smaller amounts of essential nitrogen, potassium and calcium. As the bone meal breaks

down over the season, it will steadily and slowly release these nutrients for plant uptake.

The advantageous aspects of slow release nutrition are that plant roots will not burn, and
that soil vitality is increased for extended periods. If you buy bone meal already pre-made

and packaged for sale, you'll pay a pretty penny for it. On the other hand, homemade

bone meal can be very inexpensive. See, if you're already purchasing meat for the eating,

the bones contained are basically free fertilizer! Although bone meal is abundant with

phosphorous, it can only become available to plants if the soil pH is less than 7. Slightly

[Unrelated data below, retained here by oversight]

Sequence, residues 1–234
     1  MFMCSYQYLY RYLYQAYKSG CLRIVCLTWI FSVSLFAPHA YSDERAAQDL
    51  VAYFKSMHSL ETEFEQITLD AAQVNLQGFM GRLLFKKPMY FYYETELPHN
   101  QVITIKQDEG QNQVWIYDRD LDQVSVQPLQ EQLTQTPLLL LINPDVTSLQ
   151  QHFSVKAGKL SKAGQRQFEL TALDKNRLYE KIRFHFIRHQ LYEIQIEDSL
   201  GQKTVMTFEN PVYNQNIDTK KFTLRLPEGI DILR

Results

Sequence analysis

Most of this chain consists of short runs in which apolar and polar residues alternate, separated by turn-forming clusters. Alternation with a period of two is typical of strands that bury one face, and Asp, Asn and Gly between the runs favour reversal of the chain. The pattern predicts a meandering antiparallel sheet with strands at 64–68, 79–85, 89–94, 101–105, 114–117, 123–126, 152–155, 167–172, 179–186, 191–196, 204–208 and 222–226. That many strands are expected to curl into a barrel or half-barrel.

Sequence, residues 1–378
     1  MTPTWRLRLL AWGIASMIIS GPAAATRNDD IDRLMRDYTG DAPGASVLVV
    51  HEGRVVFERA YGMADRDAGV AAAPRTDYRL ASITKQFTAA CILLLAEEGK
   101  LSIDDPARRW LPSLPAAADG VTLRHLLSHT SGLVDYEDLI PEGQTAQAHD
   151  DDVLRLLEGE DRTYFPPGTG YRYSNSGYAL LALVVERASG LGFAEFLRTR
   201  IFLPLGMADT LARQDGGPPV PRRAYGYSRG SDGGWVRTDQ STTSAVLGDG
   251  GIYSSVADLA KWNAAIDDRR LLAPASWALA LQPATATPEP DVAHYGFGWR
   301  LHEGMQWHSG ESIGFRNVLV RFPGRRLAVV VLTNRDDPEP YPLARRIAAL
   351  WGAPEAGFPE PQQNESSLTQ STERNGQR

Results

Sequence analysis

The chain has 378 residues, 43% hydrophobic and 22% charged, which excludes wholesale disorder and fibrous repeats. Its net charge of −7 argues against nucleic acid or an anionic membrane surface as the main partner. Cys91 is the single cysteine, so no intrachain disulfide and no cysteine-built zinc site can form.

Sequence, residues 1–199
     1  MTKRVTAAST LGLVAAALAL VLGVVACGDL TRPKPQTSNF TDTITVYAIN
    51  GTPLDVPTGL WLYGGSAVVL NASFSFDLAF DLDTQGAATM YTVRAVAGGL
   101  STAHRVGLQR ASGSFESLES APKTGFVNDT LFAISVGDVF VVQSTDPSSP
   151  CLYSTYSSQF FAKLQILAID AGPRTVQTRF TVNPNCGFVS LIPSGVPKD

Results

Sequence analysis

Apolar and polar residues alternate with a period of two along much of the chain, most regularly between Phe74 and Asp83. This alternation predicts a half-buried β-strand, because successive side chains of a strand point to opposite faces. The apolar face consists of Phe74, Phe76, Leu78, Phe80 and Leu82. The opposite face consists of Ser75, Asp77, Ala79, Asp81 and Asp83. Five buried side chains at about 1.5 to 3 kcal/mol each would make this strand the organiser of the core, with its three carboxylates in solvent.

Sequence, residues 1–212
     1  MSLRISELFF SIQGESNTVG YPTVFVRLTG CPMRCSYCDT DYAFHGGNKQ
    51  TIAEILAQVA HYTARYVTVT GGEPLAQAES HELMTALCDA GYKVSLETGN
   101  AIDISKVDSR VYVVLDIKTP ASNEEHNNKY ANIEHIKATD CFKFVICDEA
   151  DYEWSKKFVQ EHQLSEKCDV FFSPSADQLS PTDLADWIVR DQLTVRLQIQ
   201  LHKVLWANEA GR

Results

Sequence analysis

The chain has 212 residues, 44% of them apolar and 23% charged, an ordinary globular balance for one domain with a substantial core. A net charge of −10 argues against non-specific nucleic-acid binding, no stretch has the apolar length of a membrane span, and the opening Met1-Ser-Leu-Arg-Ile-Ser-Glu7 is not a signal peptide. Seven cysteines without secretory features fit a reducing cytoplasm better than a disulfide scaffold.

acidic soils will have no problems releasing the nutrients within bone meal, but alkaline

soils will lock up the nutrients. Fish Bone Meal is a great source of phosphorus and

calcium (14%), plus a small amount of nitrogen (4%).

F. Soil Fertilizer

Fertilizers make crops grow faster and bigger so that crop yields are increased.

They're minerals, which must first dissolve in water so that plants can absorb them

through their roots. Fertilizers provide plants with the essential chemical elements needed

for growth particularly nitrogen, phosphorus and potassium. Fertilizers increase crop

production by replacing essential elements used by a previous crop or by boosting levels

of such elements. Nitrogen particularly is needed to build plant proteins, thereby

increasing growth. A major problem with the use of fertilizers occurs when they're

washed off the land by rainwater into rivers and lakes. The increase of nitrate or

phosphate in the water encourages algae growth, which forms a bloom over the water